You may have seen in many reality shows that people say their hair stood on end after witnessing a contestant’s performance. Many times, when something in a dark alley touches your foot as you pass by, you feel a tingling sensation throughout your body. Similarly, during the summer season, when you abruptly enter an air-conditioned room from scorching sunlight, you experience goosebumps. Even in winter, if you’re sitting wrapped in a blanket and someone touches your skin with cold hands, you have a similar experience.
Have you ever wondered why this happens? What does science say about it? The process behind goosebumps or hair standing on end is called piloerection. During this process, the hairs on a person’s body, for a brief period, stand on end by themselves. This causes the skin to contract slightly, creating raised bumps around the hair follicles. According to experts, piloerector muscles are attached to a person’s hair follicles, which contract and make the hairs stand on end. Piloerection is a voluntary response directed by the sympathetic nervous system.
How goosebumps help humans
Piloerection occurs due to cold, fear, or startling experiences. According to Keith Roch, a professor at Cornell University in the United States, goosebumps can also be helpful for humans. Roch says that humans do not have as many hairs as some animals or certain mammals do. Nevertheless, during the process of hair standing on end, piloerector muscles in humans also expand. This reduces the feeling of cold. Furthermore, this is a natural bodily response that reduces pressure on other sensitive parts of the body during sudden events.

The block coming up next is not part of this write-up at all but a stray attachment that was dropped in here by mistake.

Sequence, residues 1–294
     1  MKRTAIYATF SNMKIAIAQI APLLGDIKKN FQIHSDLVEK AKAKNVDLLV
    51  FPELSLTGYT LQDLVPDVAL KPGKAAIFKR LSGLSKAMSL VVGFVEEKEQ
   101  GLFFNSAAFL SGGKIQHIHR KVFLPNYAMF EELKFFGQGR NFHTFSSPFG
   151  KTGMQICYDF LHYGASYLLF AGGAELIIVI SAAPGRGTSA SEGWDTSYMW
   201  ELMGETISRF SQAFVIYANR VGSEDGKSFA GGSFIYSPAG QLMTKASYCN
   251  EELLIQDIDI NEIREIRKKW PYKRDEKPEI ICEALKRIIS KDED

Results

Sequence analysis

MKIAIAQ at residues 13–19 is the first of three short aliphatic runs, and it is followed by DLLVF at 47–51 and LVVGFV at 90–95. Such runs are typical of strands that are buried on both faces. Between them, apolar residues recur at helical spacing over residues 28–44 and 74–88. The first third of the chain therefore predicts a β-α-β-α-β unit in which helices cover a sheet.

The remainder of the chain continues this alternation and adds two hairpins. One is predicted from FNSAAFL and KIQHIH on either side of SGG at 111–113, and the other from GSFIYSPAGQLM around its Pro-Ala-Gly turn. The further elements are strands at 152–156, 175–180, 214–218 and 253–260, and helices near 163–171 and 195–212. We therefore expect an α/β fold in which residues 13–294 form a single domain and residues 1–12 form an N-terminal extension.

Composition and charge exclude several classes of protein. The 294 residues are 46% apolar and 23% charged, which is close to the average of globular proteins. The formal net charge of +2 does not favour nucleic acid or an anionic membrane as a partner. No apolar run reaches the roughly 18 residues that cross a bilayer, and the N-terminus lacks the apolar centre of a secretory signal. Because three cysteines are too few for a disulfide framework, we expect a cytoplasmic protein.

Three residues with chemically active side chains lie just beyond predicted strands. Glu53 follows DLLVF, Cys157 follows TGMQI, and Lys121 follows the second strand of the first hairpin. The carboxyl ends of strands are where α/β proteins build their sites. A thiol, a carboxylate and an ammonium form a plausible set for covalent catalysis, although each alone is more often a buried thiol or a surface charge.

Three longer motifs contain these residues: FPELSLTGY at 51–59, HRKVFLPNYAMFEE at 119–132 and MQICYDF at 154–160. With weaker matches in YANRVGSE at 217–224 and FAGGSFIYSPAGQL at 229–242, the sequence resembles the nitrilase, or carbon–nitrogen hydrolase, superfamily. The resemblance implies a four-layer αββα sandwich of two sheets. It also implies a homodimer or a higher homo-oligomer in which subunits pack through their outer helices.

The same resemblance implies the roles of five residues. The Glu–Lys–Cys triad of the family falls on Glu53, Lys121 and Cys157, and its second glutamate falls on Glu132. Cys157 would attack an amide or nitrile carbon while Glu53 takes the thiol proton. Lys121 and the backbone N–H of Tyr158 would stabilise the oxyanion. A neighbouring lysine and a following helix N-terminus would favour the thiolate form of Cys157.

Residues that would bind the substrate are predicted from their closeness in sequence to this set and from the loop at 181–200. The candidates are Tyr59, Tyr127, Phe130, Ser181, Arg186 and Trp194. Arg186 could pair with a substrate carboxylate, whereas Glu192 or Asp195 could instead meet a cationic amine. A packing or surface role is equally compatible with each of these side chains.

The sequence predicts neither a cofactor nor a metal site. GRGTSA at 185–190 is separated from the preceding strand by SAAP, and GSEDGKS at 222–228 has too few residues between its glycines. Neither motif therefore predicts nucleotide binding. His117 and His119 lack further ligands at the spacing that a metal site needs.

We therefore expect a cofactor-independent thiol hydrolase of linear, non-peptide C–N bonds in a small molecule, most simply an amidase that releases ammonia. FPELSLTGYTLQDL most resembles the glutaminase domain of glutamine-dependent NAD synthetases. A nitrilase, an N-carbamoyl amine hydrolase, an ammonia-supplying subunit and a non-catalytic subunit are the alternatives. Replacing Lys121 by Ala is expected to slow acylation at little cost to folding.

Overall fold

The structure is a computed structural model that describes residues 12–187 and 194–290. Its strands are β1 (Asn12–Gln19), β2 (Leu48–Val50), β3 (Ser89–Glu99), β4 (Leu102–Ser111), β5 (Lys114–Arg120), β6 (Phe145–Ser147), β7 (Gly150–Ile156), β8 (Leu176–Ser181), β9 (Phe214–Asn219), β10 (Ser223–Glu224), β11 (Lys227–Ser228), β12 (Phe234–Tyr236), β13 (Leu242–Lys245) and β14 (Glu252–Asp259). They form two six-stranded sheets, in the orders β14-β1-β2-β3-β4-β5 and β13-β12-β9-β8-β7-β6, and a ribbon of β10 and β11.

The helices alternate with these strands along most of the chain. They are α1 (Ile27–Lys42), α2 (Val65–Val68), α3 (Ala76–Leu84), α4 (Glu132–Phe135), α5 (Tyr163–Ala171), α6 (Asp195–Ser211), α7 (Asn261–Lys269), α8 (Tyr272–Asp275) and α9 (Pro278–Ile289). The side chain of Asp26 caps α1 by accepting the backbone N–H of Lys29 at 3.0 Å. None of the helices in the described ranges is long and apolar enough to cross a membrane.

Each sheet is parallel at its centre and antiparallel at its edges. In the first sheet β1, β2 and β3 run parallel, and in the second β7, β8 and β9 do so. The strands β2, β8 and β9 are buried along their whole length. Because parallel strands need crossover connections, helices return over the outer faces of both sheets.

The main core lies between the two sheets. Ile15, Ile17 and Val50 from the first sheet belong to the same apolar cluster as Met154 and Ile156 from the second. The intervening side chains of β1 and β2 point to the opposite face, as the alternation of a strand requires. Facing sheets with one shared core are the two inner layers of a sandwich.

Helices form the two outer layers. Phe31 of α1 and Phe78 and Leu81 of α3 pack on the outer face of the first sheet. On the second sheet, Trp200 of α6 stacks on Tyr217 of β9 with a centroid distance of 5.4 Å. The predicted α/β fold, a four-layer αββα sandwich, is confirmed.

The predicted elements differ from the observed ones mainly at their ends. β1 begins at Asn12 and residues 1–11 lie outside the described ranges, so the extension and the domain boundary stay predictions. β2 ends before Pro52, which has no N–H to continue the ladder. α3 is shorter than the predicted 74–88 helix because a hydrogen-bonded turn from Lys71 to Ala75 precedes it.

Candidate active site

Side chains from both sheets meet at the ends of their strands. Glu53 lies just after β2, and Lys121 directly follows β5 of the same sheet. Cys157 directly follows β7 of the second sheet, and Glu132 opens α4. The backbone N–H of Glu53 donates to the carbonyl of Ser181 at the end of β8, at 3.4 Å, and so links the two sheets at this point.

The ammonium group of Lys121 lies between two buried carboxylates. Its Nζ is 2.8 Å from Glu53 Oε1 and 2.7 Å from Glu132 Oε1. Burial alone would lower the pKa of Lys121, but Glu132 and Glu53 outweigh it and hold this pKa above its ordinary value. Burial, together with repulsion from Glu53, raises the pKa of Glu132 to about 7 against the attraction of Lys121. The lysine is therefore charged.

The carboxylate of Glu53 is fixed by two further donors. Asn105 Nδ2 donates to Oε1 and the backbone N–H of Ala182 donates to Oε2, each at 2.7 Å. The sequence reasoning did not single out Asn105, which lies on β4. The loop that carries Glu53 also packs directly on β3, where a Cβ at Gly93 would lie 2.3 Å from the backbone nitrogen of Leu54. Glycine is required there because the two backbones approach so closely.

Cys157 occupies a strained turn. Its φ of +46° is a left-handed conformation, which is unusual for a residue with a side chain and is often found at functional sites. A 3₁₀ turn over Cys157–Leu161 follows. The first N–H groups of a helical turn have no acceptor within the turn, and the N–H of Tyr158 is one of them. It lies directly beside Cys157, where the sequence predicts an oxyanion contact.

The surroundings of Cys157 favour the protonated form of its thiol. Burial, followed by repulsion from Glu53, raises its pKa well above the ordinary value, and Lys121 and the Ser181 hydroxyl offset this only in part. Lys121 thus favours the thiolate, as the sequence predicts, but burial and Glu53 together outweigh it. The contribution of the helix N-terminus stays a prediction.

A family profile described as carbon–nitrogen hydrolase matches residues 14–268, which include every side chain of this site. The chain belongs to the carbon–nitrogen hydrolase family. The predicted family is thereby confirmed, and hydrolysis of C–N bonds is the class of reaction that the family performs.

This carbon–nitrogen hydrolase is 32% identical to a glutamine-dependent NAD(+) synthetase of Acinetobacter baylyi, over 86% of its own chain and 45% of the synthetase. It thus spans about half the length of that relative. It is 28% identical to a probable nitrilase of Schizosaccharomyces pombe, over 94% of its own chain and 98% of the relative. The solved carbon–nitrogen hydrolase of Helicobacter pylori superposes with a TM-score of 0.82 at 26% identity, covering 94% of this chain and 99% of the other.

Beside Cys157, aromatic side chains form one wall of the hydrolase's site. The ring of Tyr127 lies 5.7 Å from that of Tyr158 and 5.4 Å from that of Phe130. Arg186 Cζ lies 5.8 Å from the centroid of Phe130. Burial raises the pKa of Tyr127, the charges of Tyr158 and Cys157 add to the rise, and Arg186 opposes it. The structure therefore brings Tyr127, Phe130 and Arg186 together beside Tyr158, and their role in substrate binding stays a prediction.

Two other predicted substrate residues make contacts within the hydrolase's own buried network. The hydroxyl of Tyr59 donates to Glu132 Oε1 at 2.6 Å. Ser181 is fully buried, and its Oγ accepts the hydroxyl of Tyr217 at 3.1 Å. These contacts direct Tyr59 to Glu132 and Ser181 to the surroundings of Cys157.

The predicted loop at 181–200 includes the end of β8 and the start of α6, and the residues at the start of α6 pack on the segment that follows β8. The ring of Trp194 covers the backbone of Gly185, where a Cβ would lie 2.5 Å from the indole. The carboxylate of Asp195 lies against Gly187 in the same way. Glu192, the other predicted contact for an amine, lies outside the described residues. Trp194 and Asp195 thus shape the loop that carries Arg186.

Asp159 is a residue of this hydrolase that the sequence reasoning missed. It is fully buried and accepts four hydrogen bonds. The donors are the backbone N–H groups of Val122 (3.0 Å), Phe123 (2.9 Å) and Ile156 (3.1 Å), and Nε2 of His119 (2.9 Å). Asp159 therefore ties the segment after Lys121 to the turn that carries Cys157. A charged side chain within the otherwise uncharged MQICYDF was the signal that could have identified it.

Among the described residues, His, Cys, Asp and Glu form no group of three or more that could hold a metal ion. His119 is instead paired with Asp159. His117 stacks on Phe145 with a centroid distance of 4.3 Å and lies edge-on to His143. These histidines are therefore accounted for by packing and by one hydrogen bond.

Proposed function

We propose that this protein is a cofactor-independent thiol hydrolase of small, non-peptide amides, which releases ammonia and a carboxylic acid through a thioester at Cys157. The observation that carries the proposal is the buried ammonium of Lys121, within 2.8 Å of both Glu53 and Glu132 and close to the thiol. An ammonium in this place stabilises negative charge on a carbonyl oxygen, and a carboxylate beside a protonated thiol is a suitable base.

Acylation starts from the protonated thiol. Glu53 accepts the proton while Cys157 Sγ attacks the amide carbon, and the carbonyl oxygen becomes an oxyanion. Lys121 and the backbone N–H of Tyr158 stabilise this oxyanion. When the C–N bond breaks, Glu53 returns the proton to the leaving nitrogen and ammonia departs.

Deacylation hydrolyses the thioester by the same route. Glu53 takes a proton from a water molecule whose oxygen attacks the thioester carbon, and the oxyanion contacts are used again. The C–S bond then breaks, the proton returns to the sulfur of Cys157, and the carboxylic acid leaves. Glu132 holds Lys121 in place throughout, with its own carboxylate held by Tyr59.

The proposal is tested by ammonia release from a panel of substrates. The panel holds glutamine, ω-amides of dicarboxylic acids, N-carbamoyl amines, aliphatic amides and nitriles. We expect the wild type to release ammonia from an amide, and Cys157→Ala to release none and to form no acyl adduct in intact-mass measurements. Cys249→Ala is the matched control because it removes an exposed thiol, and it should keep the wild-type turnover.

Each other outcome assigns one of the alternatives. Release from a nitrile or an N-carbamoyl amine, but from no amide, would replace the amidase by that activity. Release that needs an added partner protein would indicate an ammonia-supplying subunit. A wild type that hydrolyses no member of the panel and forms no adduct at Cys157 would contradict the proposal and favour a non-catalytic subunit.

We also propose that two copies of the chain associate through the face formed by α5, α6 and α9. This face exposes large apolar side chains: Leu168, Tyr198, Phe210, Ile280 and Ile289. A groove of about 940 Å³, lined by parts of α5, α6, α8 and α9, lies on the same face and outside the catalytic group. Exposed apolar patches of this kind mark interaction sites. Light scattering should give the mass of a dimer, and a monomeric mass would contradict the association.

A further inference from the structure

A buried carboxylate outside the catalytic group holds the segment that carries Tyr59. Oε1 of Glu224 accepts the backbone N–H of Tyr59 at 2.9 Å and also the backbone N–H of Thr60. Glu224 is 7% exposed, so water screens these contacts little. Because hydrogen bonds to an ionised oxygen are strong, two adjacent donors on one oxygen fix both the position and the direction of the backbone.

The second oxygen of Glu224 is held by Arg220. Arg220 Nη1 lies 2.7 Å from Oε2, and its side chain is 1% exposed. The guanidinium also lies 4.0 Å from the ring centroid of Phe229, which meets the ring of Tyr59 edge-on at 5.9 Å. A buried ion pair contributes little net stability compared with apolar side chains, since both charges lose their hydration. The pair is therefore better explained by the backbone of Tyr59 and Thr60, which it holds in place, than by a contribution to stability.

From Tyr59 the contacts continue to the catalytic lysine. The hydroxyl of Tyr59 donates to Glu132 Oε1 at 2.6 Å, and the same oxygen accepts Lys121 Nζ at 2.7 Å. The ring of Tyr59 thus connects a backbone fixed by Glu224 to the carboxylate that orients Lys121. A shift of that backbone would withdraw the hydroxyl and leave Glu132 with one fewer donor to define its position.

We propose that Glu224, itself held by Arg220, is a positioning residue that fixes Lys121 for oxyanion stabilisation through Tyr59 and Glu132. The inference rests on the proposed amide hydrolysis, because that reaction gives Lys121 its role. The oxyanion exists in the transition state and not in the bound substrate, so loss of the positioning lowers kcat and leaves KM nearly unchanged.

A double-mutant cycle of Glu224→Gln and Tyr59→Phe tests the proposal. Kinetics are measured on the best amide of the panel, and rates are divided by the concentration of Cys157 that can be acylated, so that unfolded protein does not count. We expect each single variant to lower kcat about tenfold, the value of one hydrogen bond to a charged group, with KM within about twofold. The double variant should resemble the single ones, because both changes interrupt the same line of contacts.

Goosebumps are quite beneficial for animals.
According to Professor Keith Roch, during goosebumps, the muscles contract, causing their hair to stand on end. In such situations, when the hair of animals living in cold places stands on end, it traps air among their hairs. This helps them feel less cold. Another advantage is that when their hair expands, animals appear larger than their actual size during a confrontation. This creates a sense of fear in other animals.
Why do we get goosebumps when we hear a sound?
Professor Roch suggests that the experience of goosebumps in humans is deeply connected to both sound and visual stimuli. Many times, while watching unexpected scenes in movies, you may experience goosebumps. Similarly, when someone sings better than your expectations, your hair stands on end. The reason behind this is the emotional association you have with that scene. A part of the human brain, known as the emotional brain, is responsible for hair standing on end in response to sound. It becomes active when a person hears unexpected sounds.
The occurrence of goosebumps in response to threatening sounds is also attributed to a special part of the brain known as the “emotional brain.” The brain perceives it as not just a normal sound but a potential danger. In such situations, when there is a sudden loud sound or a change in the sound, the hair stands on end. Even when high notes are played, the hair stands on end. However, after a short while, the brain processes that the sound is just music, and then the hair settles down.